It is news most women fear.
In June 1998, Ellen Favreau of Brainerd got a call from the Mayo Clinic. Her lab results were back, the oncologist informed her.
Yes, he said, matter of fact, she had ovarian cancer.
It was devastating news.
"I was so shocked, I literally tried to catch my breath on the telephone," said Favreau. "I (felt I) had pretty much been given a death sentence. You think you're going to die."
Sobbing, she curled up with one of her beloved Russian wolfhounds on her bedroom floor. Then the 46-year-old elementary school teacher got angry. Real angry. She was furious.
"I made the decision right there that I wasn't going to let this thing kill me," she explained.
Favreau was diagnosed with Stage 1C ovarian cancer, the first of four stages that are used to determine how far the cancer had spread. The cancerous tumors were discovered on the outside of her ovaries but had not yet spread to any other organs. It was after undergoing a hysterectomy that she learned she had ovarian cancer. She had no family history of the disease. A month later, she started chemotherapy.
Favreau had the subtle but persistent symptoms associated with ovarian cancer, but like most women, she attributed her aches and pains to factors other than cancer. Those symptoms included abdominal swelling, a bloated feeling, abdominal and pelvic discomfort, back pain, fatigue, and other gastrointestinal symptoms.
Most women don't consult their gynecologists early enough when they have symptoms of ovarian cancer. As a result, when they are diagnosed, 75 percent of patients have ovarian cancer that has spread to other abdominal organs, according to "Myths & facts about ovarian cancer," by Dr. M. Steven Piver and Dr. Gamal Eltabbakh.
This year an estimated 23,400 women of all ages will be diagnosed with ovarian cancer nationwide, and an estimated 13,900 will die. Ovarian cancer is the fifth most common cancer among women in the United States.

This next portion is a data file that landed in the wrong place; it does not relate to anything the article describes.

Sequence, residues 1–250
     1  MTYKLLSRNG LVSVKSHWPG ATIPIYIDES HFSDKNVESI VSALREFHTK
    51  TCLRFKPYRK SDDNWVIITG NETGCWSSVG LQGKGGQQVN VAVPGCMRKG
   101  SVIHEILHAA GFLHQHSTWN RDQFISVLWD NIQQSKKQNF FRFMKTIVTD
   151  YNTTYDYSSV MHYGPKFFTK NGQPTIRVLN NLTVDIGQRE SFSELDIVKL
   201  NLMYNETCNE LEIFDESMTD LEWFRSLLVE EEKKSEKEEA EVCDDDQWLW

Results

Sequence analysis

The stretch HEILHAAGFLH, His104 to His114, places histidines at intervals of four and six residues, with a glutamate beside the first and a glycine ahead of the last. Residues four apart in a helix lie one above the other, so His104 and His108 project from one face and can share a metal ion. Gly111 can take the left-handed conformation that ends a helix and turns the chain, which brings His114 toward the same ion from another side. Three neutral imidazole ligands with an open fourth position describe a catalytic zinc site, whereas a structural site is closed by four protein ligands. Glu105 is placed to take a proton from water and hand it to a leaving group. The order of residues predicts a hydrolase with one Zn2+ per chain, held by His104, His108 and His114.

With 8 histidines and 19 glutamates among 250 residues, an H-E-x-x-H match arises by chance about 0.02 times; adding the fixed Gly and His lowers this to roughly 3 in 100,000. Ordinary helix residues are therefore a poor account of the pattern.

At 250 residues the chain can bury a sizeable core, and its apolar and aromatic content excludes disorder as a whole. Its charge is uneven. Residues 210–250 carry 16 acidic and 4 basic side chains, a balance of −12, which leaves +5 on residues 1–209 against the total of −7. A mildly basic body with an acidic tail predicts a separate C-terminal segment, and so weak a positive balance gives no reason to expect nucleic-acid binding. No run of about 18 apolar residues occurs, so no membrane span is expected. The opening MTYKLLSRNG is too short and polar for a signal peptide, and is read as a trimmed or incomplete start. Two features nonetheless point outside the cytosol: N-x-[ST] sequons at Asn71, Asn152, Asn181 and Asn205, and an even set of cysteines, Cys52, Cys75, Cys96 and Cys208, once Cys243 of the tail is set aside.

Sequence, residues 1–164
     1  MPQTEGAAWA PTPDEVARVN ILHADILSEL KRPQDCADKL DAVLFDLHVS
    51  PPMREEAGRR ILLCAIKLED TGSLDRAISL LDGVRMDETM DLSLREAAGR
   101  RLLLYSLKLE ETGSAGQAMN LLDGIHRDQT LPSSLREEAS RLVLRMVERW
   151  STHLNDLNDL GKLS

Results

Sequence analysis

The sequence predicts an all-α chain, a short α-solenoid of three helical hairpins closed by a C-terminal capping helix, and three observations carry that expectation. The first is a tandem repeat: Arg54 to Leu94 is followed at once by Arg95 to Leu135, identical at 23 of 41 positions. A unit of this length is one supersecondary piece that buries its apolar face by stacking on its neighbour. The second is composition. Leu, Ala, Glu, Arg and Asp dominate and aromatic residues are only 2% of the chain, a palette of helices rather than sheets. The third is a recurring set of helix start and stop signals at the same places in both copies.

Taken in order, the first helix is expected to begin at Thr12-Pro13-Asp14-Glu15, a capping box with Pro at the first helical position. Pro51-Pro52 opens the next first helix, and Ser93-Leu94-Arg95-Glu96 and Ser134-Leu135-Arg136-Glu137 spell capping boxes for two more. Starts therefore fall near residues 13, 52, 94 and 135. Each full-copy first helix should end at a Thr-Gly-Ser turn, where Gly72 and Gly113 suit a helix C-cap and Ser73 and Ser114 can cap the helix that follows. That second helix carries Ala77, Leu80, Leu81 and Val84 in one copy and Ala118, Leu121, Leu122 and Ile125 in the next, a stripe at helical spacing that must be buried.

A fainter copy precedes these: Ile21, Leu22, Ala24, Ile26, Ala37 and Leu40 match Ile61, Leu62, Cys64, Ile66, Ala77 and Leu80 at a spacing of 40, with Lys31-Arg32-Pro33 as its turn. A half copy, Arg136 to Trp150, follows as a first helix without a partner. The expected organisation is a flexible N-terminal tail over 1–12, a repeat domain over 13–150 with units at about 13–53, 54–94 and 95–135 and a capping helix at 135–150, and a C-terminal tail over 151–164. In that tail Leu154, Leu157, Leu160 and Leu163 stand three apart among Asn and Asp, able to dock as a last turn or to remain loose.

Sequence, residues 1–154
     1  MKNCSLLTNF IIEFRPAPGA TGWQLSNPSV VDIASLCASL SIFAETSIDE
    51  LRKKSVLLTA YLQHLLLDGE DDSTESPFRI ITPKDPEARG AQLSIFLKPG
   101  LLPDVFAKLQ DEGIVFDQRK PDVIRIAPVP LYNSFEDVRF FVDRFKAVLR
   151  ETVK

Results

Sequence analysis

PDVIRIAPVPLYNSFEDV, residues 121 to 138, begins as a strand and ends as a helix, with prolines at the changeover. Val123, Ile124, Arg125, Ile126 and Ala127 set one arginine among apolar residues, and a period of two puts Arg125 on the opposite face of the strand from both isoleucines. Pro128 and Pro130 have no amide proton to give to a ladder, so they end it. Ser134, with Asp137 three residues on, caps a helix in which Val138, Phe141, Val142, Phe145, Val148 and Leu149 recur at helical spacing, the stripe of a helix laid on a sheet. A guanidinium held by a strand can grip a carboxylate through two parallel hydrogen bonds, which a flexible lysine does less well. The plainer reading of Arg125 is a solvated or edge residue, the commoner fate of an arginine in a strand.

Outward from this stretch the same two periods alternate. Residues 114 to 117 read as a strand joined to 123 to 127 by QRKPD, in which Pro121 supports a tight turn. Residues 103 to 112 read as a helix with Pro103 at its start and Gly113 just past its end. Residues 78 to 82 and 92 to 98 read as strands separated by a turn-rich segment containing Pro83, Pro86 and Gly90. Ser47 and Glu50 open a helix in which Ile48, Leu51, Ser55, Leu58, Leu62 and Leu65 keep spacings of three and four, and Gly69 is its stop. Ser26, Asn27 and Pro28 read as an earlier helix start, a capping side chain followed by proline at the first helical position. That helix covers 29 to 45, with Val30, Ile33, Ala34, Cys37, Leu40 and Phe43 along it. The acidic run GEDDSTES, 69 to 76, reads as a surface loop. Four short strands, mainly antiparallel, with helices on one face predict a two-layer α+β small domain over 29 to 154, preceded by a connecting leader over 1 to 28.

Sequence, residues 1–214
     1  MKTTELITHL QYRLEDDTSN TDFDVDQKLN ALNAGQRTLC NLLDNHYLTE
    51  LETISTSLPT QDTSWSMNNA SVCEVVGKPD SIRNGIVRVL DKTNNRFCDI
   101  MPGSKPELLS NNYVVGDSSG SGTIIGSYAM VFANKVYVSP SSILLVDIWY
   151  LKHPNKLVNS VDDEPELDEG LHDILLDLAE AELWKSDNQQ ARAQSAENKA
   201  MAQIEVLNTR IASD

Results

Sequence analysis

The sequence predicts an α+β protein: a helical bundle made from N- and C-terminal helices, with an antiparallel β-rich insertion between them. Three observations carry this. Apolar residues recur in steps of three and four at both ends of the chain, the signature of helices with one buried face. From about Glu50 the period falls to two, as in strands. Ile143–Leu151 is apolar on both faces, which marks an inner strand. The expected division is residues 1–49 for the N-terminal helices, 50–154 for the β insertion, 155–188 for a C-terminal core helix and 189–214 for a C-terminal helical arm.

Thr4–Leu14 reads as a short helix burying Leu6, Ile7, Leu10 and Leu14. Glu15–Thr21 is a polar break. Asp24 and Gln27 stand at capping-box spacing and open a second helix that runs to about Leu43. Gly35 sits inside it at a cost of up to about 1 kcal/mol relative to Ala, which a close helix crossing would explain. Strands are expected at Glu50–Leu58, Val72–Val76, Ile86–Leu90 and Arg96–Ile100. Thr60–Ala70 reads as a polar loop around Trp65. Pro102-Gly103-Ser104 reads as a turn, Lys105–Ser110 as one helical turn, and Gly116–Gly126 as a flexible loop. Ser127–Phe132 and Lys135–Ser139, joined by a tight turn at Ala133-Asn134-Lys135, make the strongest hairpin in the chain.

Early detection gives a woman a nearly four times greater chance of survival. There is no early diagnostic test for ovarian cancer, and no consistently reliable and accurate screening test to detect it exists. Pap smears do not detect ovarian cancer. And unlike other forms of cancer, most people simply aren't aware of it.
"This is a topic nobody wants to talk about," said Favreau. "Let's face it. Do you want to sit around and talk about your ovaries?"
A few weeks into the school year in the fall of 1998, Favreau held a meeting to inform her second grade students and their parents at Pequot Lakes Elementary School that she was battling ovarian cancer. She was undergoing chemotherapy, which caused her to lose her hair.
Many students asked her if she was going to die. She told them no, that doctors were giving her medications to fight the disease. After she lost her hair, students told her they preferred she wear her cool hats and scarves, rather than her wigs.
Eventually, Favreau's hair grew back, and she has been cancer-free for almost three years. But battling ovarian cancer made her realize how little information about the disease was out there for women. She discovered the National Ovarian Cancer Coalition at its Web site, www.ovarian.org, and was encouraged by its members to become involved.
She is now chapter president of the Northern Minnesota Division of the NOCC. After nine years as a teacher -- four years at Pequot Lakes Elementary -- Favreau is taking time off from teaching, in part, to travel throughout northern Minnesota to educate women about ovarian cancer, distributing literature from the NOCC. She also plans to substitute teach within the Brainerd School District this year and will likely return to college to receive her master's degree in school administration.
In many ways, it's hard for this teacher to stop teaching.
"I hope that more women will become more educated, that they won't feel it's all in their heads," she explained. "That they won't lightly dismiss symptoms that are continuous."
Favreau is looking for more people interested in becoming NOCC members and volunteers. If you would like more information about ovarian cancer, contact Favreau at 828-8500 or call the National Ovarian Cancer Coalition hotline at 1-888-OVARIAN.
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